Hundreds of lawsuits are brought against Wal-Mart every year. The massive sex discrimination case in the news last week climbed to the U.S. Supreme Court — but most cases never reach such stellar heights. More typical is the litigation of Leal v. Wal-Mart, which is merely a case of life and death.
Romulo de Oliveira Santos, an immigrant from Brazil, died at the age of 47 on the floor of a Wal-Mart vision center just outside of Boston, Massachusetts. His muscles were charred, his skin was coagulated, and one-fifth of his body suffered second and third degree burns. There were bruises and cuts on his face, back, arms and hands. According to an autopsy, Santos had been electrocuted.
There is not much dispute about what happened to Santos inside Wal-Mart on the night of September 8, 2008. He was working as part of an inexperienced, unsupervised subcontract crew as part of a remodeling project at Wal-Mart store #2103 on Providence Highway in Walpole, Massachusetts.
There was no properly licensed supervisor watching over crew members from Italo Masonries, for whom Santos worked. Italo had never done demolition work before. Wal-Mart hired a general contractor to oversee the reconstruction of its Vision Center, and that contractor has subbed out the interior demolition to Italo.
In 2000, Santos came to America on a work visa to pursue a dream. He wanted to become an electronic technician. Santos enrolled in ESL classes to learn English, and he began working on a cleaning crew. Santos would send some of his earnings back to the city of Volta Redonda, Brazil, where his family lived.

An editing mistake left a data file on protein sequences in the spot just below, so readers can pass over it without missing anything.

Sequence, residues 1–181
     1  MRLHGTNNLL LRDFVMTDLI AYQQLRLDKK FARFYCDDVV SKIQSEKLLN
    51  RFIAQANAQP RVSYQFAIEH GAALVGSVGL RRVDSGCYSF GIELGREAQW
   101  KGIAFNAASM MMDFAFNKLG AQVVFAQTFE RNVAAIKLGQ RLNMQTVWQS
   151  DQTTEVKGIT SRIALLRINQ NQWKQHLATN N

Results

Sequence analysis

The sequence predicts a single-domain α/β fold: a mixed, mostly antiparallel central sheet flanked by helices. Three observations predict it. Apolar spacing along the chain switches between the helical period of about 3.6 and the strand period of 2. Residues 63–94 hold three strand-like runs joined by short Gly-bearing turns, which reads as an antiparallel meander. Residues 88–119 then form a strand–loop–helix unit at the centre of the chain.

Before Santos came to America, Wal-Mart came to Brazil. The American retailer entered Brazil in 1995, and now controls 461 stores, employs 76,000 Brazilians, and is the third largest retailer in the country. Brazil has been a cash cow for Wal-Mart International — which is the fastest growing part of Wal-Mart’s overall operations.Wal-Mart refers to Brazil as part of its “emerging market.”
Romulo de Oliveira Santos was also looking for an emerging market when he left Volta Redonda and traveled to the United States. He was 39 years old when he first entered the U.S. Eight years later, he was inside the Walpole Wal-Mart working a late hour shift — his last.
The construction scene inside the Vision Center was a tangle of unlabeled wires and cords. Wal-Mart had insisted that the remodeling job would proceed while the store remained open. On Santos’ last night, the general contractor, electrical contractor, and Italo Masonry all left no supervisors at the site. But several light circuits were left on, because the renovations could be done quicker and easier by leaving the area “hot.”
One junction box at the top of a wall was left “hot.” Santos arrived at the site just before 10:30 pm — a time when most Wal-Mart shoppers were home in bed. Santos and his coworkers were not warned that a 227 volt circuit powering the overhead lights in the Vision Center had been left live. Santos had no reason to expect that wires behind the walls were hot. It was normal practice that live wires would be clearly marked and labeled, to avoid lethal danger.
One of Santos’ coworkers began tearing down a wall that had been marked for demolition. The crew member, wielding a reciprocating saw, cut through the live wire at the top of the wall. The lights went out, leaving the whole crew in the darkened Vision Center. The crew began to exit the site, when Santos came in contact with the live wire.
According to witnesses at the scene, Santos moaned in pain, and fell to the floor in between a scissors lift and the wall. His crew members rushed to his side, but Santos died within minutes — badly burned from the trauma.